UW Health's Sports Medicine doctors treat a wide range of common athletic injuries, including adhesive capsulitis - a loss of motion in the shoulder.
About Adhesive Capsulitis
Adhesive capsulitis is a term used to describe a significant loss of range of motion in all directions in the shoulder joint, which also may be referred to as "frozen shoulder." This is a condition where the shoulder capsule becomes contracted and thickened. The early stages of frozen shoulder are often quite painful.
The loss of motion is apparent when attempting to move the shoulder, as well as when someone else attempts to move the shoulder and the muscles are relaxed. The cause of adhesive capsulitis is unknown; however it is well-known that this does not occur in any other joints of the body and is not the result of rotator cuff injuries, arthritis or labral injuries.
- Women between the ages of 30-60
- Individuals with diabetes (10-20 percent)
- May be associated with the following conditions: hypothyroidism, hyperthyroidism, Parkinson’s disease, cardiac disease or surgery
- There is usually no true cause of why this occurs, but it can occur after a minor shoulder injury or a period of immobilization
Signs and Symptoms
- Dull, achy pain that increases when attempting shoulder motion
- Pain located in the shoulder area and/or upper arm
- Restricted motion or stiffness
In order to diagnose this condition, the medical providers will perform a physical exam of the involved area. The physical exam may include tests of movement and strength. In addition, x-rays may be needed to assess the alignment and cartilage spaces of the involved joint or to rule out other potential bone abnormalities. Further imaging, such as an MRI, is rarely indicated but may be performed if there is concern of injury to the tendons, ligaments and joint if initial treatment does not improve symptoms.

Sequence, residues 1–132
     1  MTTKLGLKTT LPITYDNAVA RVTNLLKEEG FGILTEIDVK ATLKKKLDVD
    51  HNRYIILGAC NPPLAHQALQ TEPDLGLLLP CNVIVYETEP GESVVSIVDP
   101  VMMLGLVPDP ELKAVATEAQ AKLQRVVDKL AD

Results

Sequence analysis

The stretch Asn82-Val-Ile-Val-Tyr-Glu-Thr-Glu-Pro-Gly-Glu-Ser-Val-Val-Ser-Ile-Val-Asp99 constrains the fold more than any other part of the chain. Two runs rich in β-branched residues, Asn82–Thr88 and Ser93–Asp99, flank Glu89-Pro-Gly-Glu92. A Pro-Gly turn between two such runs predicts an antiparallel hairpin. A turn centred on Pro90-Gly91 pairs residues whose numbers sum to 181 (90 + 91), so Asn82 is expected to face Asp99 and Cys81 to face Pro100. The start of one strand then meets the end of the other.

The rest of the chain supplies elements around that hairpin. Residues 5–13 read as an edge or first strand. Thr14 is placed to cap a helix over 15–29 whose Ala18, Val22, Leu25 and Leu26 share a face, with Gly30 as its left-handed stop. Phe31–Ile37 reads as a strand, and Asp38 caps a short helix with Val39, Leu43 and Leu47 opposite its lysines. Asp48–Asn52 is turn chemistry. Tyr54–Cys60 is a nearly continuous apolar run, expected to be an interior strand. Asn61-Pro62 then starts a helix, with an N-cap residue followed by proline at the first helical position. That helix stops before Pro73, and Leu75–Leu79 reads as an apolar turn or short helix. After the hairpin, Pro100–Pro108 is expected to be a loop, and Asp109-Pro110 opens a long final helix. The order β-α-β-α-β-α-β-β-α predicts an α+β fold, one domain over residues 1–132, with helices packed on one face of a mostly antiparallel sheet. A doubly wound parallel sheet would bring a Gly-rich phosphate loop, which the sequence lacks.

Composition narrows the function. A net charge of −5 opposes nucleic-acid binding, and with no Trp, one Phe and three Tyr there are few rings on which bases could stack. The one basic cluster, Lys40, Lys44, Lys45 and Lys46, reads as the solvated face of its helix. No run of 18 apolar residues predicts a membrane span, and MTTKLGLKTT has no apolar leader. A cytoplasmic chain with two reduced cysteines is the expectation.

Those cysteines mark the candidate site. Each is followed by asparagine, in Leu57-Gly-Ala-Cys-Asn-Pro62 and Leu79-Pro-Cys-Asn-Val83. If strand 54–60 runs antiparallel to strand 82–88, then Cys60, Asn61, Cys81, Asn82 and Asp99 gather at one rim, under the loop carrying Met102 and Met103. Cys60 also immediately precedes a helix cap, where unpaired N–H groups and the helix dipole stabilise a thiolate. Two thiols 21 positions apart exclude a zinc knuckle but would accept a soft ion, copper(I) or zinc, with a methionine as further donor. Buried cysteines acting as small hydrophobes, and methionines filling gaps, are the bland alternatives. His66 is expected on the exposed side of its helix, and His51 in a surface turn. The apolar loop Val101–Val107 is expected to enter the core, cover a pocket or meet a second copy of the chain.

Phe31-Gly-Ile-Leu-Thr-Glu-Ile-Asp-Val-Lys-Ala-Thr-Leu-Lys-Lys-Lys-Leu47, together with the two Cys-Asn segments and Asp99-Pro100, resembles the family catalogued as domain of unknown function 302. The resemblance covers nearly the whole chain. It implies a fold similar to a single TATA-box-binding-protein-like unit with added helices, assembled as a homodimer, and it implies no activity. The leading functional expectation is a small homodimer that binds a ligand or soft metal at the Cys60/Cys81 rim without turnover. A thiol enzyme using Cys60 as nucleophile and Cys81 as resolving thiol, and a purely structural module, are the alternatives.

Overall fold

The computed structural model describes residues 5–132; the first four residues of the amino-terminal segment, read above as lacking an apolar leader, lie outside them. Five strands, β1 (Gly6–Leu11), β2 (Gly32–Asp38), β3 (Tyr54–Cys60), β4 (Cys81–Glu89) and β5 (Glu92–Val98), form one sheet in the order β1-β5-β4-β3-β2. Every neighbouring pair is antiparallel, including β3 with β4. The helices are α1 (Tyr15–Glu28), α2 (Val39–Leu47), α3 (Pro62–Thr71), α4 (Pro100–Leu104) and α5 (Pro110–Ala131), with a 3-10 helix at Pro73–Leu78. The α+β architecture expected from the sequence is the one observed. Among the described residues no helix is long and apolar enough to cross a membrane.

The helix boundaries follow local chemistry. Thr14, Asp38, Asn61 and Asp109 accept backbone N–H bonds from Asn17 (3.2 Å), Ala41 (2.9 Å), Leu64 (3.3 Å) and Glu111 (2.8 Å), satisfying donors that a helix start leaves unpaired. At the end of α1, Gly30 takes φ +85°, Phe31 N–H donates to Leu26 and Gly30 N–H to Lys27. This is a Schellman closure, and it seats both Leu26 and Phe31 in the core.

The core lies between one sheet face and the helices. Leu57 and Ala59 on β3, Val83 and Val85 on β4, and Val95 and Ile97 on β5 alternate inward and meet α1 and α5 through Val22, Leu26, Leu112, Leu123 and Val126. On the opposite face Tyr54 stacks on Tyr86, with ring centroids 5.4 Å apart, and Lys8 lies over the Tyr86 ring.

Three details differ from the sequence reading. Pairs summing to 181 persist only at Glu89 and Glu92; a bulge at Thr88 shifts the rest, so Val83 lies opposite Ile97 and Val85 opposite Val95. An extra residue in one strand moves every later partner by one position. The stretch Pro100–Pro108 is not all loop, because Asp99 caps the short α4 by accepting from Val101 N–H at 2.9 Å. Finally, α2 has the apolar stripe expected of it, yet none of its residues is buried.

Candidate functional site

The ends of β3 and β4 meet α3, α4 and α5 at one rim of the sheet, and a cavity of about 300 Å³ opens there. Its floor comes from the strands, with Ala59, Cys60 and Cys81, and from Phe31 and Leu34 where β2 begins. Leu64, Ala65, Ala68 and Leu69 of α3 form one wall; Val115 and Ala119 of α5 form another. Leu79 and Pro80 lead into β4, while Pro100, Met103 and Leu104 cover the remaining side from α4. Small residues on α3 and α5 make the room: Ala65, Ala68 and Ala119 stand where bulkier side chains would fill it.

Course of Adhesive Capsulitis
- Phase 1 (Freezing): increased pain, decreased range of motion
- Phase 2 (Frozen): decreased pain, decreased range of motion
- Phase 3 (Thawing): pain has significantly decreased, motion improves over time
Treatment Option: Conservative
The primary areas of focus are for pain control and restoration of motion. About 95 percent of patients notice significant improvement over time, even without treatment. Although resolution may take up to two years, with appropriate treatment this time frame usually can be reduced. Appropriate treatment should match the stage of adhesive capsulitis.
- Freezing Stage (approximately six weeks to nine months)
- Rehabilitation to improve motion, being careful not to aggravate the symptoms by being too aggressive
- Anti-inflammatory medications may help
- Initially, shoulder may be resistant to treatment methods
- Fluoroscopically guided corticosteroid injection into the glenohumeral joint may aid in pain control and may allow rehabilitation to progress sooner
- Frozen Stage (approximately four to nine months after the freezing stage)
- Rehabilitation for mobilization and range of motion exercises
- Anti-inflammatory medications may help
- Thawing Stage (approximately five to 26 months following the frozen stage): Rehabilitation can be very beneficial during this stage in improving range of motion, strength, coordination and function
Treatment Option: Surgery
If conservative treatment fails, consisting of at least six to 12 months of consistent rehabilitation, then surgical treatment options may be considered.
- The surgery involves manipulation under anesthesia and shoulder arthroscopy. Following surgery, intense rehabilitation focuses on maintaining motion that is achieved under surgery.
- The manipulation under anesthesia portion of the surgery involves putting the patient to sleep and “manipulating” or forcing the shoulder to move causing the capsule to tear or stretch.
- The second part of the surgery is the shoulder arthroscopy. It involves several small incisions around the shoulder where instruments can be inserted into the shoulder joint to release the tight shoulder capsule.